What's the Big Deal?

Due to the heightened security concerns and recent hazmat transportation incidents, the shipping paper has come under more scrutiny by the U.S. Department of Transportation (DOT) and state inspectors now more than ever before. Today shippers, as well as carriers are being asked to demonstrate that they have complied with all the regulations for preparing their hazardous materials for shipment. Moreover, of the 304 civil enforcement actions closed from May 2005 to April 2006, 215 were shippers in violation of one or more of the hazmat regulations. The price that they are paying is going up. The Safe, Accountable, Flexible, Efficient Transportation Equity Act of 2005 raised maximum civil penalty amounts to $50,000/day/incident ($100,000/day/incident for serious violations). It's not just the company logistics manager that has to worry.

The Power of the Paper

The hazmat regulations do not restrict who can sign the shipping paper. It is not uncommon for the SH&E professional to have responsibilities for managing hazmat transportation. Whether it is a shipment of hazardous waste, the movement of raw materials into the field or another site, or the movement of unwanted surplus chemicals to another person, SH&E managers are signing shipping papers. Even though hazmat compliance may be an ancillary function, the consequences are significant for both the SH&E managers and their organizations.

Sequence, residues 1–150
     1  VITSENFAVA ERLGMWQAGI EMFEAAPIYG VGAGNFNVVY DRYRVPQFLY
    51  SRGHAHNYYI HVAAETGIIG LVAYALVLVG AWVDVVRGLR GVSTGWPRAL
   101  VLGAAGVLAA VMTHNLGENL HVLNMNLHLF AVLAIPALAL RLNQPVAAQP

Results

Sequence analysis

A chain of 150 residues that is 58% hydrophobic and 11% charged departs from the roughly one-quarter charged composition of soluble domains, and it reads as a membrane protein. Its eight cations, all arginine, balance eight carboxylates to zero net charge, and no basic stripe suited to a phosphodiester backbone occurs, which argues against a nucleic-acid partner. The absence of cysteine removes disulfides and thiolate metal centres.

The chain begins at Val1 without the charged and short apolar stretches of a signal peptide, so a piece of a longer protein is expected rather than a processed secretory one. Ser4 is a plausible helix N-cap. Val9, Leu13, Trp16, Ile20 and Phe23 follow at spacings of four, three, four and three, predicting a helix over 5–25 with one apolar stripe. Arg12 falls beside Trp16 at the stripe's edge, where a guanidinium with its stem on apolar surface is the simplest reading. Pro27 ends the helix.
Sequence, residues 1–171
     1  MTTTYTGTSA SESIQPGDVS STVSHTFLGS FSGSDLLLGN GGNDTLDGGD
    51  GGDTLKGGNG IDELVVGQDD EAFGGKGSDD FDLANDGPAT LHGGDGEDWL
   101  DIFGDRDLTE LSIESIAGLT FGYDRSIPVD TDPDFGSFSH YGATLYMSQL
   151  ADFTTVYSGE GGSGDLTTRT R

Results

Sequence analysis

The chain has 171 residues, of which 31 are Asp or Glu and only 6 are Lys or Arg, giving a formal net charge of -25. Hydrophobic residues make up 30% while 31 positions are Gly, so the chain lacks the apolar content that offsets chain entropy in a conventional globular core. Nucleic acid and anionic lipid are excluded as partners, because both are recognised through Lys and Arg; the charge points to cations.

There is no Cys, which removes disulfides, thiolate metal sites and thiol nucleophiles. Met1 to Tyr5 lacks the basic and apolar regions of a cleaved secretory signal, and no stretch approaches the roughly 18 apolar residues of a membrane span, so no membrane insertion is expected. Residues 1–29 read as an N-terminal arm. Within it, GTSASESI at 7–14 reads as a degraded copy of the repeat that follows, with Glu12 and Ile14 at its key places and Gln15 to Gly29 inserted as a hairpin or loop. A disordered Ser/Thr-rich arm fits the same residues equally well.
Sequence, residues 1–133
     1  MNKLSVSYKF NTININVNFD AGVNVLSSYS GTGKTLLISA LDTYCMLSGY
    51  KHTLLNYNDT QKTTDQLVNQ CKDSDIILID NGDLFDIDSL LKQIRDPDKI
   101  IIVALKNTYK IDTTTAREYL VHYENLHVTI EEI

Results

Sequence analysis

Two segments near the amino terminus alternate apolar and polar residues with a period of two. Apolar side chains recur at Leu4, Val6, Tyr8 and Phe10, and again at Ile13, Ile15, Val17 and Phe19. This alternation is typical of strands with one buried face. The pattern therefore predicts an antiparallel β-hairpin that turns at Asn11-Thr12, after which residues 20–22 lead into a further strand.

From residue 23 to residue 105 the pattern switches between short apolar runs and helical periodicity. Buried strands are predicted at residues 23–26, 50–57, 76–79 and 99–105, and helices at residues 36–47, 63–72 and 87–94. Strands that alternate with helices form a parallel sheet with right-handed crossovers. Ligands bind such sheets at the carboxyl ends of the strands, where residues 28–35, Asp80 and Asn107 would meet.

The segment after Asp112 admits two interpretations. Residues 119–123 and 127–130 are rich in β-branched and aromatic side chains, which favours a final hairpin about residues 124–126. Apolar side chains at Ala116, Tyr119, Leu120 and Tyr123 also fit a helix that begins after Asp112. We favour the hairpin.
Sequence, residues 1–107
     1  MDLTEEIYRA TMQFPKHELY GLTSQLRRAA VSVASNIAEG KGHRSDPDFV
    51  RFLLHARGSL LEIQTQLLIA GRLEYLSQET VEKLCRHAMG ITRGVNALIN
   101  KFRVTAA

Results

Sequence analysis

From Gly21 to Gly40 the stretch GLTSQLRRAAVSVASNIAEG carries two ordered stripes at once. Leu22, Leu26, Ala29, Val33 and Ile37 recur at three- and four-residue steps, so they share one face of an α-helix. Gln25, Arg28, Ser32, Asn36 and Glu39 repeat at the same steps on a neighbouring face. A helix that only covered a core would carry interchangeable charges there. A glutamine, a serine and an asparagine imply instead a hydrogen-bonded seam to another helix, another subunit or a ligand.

The DOT requires that each shipment accompanied by a shipping paper must contain a certification on behalf of the shipper. The words are few (34–46 depending on which one you choose), but significant:

I hereby declare that the contents of this consignment are fully and accurately described above by the proper shipping name, and are classified, packaged, marked and labeled/placarded and are in all respects in proper condition for transport according to applicable international and national governmental regulations. [49 CFR 172.204(a)(2), emphasis added)]

With each shipping paper and each signature, the SH&E manager asserts that everything to do with that hazmat shipment has been done 100% correctly, according to DOT's rules, period. Even more disconcerting it is unlikely that the SH&E manager has personally done all the functions himself thereby relying on others to do the job-and do it correctly. The need to know that everything has been done correctly is essential. In fact, the DOT considers the person affixing the ertification signature to be a "hazmat employee" and therefore subject to the training requirements in the hazmat rules [49 CFR 172, Subpart H].1

The level of function-specific training that a person signing the shipping paper must complete is significant. He must know all the aspects of classifying, packaging, and communicating hazardous materials. After all, if you don't know what's required, how do you now someone else has performed their functions correctly? The following will provide SH&E managers with an overview of the hazmat shipping process from classification through loading.

This content is only available via PDF.
You can access this article if you purchase or spend a download.